It’s important to ensure that all employees are aware of the business resilience plan and know what to do in the event of an incident. Regular training and drills can help to ensure that everyone is on the same page and knows what their role is.
5. Testing and Review
The final step is to regularly test your plans and procedures to ensure that they are effective. This might include simulating a power outage or running a fire drill. It’s also important to review your plans on a regular basis to ensure that they are still relevant and fit for purpose.
Characteristics of a Resilient Company
A resilient company is one that is able to adapt to changing circumstances and continue operating despite setbacks. Here are some common characteristics that tend to be present in resilient organisations.
Some of the key characteristics of a resilient company include:
- The ability to rapidly identify and assess threat;
- A culture of preparedness and continuous improvement;
- Strong leadership that can make tough decisions quickly;
- Robust communication plans to keep everyone informed;
- Flexible and agile processes that can be quickly adapted;
- A focus on customer experience and retention;
- A commitment to employee safety and well-being.
These are just some of the things that can make a company more resilient. By taking a holistic approach and considering all aspects of the business, you can start to build resilience into your organisation.
5 Examples of Business Resiliency
Some of the great companies of our time didn’t get to the top by accident. They also struggled immensely in times of difficulty. Let’s discuss a few examples of business resiliency and take inspiration from these industry leaders:
In the early 1990s, Nike was in trouble. The company was losing market share to its competitors, and its share price had dropped by 60%.
However, Nike bounced back in a big way. The company invested heavily in research and development, and this paid off with the introduction of new and innovative products.
Nike also expanded into new markets, such as China, and developed a more efficient supply chain. As a result of these changes, Nike’s share price increased by 700% between 1995 and 1998.
Like Nike, Apple has also faced its fair share of challenges over the years. In 1997, the company was on the brink of bankruptcy and its share price had plummeted to just $3.19.
However, Apple turned things around with the launch of the iMac in 1998 and the iPod in 2001. These new products helped to revitalise the company, and Apple is now one of the most valuable businesses in the world.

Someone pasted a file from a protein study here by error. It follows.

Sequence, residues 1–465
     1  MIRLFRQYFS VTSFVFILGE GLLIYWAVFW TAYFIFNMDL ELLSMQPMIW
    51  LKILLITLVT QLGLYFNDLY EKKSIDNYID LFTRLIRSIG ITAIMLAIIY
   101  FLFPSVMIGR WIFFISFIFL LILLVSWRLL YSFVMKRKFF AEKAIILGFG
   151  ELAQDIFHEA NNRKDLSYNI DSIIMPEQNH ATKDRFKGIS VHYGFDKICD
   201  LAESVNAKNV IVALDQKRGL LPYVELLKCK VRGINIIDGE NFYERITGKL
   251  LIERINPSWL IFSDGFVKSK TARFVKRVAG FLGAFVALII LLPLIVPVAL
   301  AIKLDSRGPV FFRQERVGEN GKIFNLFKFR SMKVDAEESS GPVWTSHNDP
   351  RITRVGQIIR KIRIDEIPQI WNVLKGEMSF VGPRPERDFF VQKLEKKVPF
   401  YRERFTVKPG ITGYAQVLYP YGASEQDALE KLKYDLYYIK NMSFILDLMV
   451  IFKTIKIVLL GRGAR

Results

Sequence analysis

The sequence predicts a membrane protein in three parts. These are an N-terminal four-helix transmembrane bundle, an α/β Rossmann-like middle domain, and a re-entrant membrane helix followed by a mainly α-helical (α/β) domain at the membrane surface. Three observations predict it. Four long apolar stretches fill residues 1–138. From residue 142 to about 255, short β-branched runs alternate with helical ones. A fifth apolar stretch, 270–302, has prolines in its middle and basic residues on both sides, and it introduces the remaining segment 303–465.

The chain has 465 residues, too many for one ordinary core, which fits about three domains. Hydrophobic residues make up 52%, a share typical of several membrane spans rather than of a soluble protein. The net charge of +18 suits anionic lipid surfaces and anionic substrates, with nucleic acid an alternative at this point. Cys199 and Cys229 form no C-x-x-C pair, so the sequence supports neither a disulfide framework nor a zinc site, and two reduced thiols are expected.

In 2001, Amazon was hit hard by the dot-com crash. The company’s share price fell by 90% and it was forced to lay off 15% of its workforce.
However, Amazon persevered and continued to invest in its business. This paid off when the company launched the Kindle in 2007, which helped to boost sales and profits. Amazon is now one of the most dominant retailers in the world.
In 2008, Starbucks was struggling due to the global financial crisis. The company was forced to close 600 stores and lay off 12,000 employees.
However, Starbucks quickly recovered and is now stronger than ever. The company has continued to open new stores and expand into new markets. It has also introduced new products, such as the Frappuccino, which have helped to boost sales.
In 2003, Lego was in trouble. The company was losing money for the first time in its history and its share price had dropped by 60%.
However, Lego bounced back by making some changes to its business. The company reduced the number of products it made and focussed on key lines, such as LEGO Star Wars.
It also expanded into new markets, such as Asia, and developed a more efficient manufacturing process. As a result of these changes, Lego’s share price increased by 400% between 2003 and 2006.
These case studies show that even the most successful businesses can face difficult times. However, what sets them apart is their ability to adapt and overcome these challenges.
The Bottom Line
Business resilience is a critical component of any organisation’s survival strategy. Take inspiration from the survival stories of some of the companies discussed above, make your business resiliency plans, and aim to take on the characteristics of a resilient firm.
It might seem like a lot to take in at once, but by taking the time to understand what business resilience is and how it can be achieved, you will be well on your way to making your organisation more resilient to the challenges of the future.